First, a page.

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Golden Globe® and Screen Actors Guild Award® winner Drew Barrymore will join Robert Osborne in introducing "must see" movies each week that she loves and wants to share with others.
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The seventies saw film scores go from found music and light accompaniment to bombastic full scale orchestral arrangements with the success of the John Williams' scores for Jaws (1975), Star Wars (1977) and Superman (1978). Rather than employ a composer for Kramer vs. Kramer, Benton instead went with classical pieces, including "Sonata for Trumpet and String" by Henry Purcell and "Concerto in C Major for Mandolin & Strings" by Antonio Vivaldi. As a result of the film's success, Vivaldi's concerto became one of the most popular pieces of classical music that year and interest in Vivaldi peaked, bringing back a revival of interest in his works, including "The Four Seasons."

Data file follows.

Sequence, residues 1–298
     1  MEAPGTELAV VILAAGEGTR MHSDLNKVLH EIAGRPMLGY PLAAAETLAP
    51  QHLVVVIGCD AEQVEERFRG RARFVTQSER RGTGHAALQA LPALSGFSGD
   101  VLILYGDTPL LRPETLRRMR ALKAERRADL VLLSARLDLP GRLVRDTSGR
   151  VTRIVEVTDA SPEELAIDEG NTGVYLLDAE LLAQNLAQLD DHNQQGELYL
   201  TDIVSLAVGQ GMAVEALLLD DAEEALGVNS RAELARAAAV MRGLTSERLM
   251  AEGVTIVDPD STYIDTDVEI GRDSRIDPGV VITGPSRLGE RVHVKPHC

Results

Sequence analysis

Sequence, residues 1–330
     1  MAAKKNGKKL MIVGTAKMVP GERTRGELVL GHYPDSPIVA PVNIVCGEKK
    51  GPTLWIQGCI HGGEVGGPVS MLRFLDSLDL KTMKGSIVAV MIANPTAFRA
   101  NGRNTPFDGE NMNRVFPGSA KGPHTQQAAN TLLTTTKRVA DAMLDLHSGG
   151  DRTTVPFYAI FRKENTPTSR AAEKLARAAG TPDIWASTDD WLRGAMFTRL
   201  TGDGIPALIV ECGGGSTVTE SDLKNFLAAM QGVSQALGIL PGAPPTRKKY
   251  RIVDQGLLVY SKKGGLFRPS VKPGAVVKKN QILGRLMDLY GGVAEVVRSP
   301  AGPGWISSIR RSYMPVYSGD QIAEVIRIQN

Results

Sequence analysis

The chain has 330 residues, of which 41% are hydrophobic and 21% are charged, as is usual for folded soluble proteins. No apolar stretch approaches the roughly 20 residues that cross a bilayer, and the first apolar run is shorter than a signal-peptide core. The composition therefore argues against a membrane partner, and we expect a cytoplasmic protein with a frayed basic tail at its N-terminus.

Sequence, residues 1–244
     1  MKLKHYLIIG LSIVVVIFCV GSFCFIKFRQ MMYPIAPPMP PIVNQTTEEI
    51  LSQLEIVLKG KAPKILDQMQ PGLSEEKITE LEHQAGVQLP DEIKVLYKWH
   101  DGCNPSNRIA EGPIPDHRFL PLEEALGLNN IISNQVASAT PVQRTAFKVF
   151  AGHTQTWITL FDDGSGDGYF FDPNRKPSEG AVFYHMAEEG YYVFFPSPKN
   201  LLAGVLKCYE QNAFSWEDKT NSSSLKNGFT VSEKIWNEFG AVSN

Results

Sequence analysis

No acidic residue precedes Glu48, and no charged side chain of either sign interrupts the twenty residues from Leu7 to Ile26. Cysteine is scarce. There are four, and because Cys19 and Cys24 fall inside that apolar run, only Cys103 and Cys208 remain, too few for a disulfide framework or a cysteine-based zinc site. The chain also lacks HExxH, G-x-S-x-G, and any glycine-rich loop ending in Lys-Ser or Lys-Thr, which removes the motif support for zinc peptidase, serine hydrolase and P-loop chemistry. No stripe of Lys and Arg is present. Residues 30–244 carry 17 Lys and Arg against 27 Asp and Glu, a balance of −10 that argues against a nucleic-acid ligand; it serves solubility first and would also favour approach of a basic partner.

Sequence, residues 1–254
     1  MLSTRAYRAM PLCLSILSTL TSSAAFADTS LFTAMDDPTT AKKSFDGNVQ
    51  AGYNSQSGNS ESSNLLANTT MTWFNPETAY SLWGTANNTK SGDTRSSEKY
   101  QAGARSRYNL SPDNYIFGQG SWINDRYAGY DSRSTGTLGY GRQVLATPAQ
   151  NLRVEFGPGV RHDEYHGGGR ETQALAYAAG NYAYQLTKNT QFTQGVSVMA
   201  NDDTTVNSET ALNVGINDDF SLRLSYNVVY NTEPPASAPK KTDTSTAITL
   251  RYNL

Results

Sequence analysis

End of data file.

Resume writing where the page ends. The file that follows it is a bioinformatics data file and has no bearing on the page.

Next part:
Kramer vs. Kramer had a major cultural impact on how mother/father roles were perceived in society. Time Magazine took the opportunity to do an eight-page spread on the movie and the changing attitudes in American society towards gender equality.

The film's success opened the doors for parody as well. As a result, humorist Bruce Feirstein wrote the satirical book, Real Men Don't Eat Quiche, in response to the changing attitudes in gender and childcare. It topped the New York Times bestseller list for 55 weeks.

Kramer vs. Kramer became one of the few non-blockbuster movies to top the year's top box-office in the post-Jaws landscape, proving that presenting a thoughtful film on divorce and child-custody in the seventies was something many audiences could identify with.

The film was so successful that in one episode of the hit sitcom, Soap, Jessica Tate (Katherine Helmond) revealed on her death bed that her one regret in life was that she had not yet seen Kramer vs. Kramer. by Greg Ferrara






















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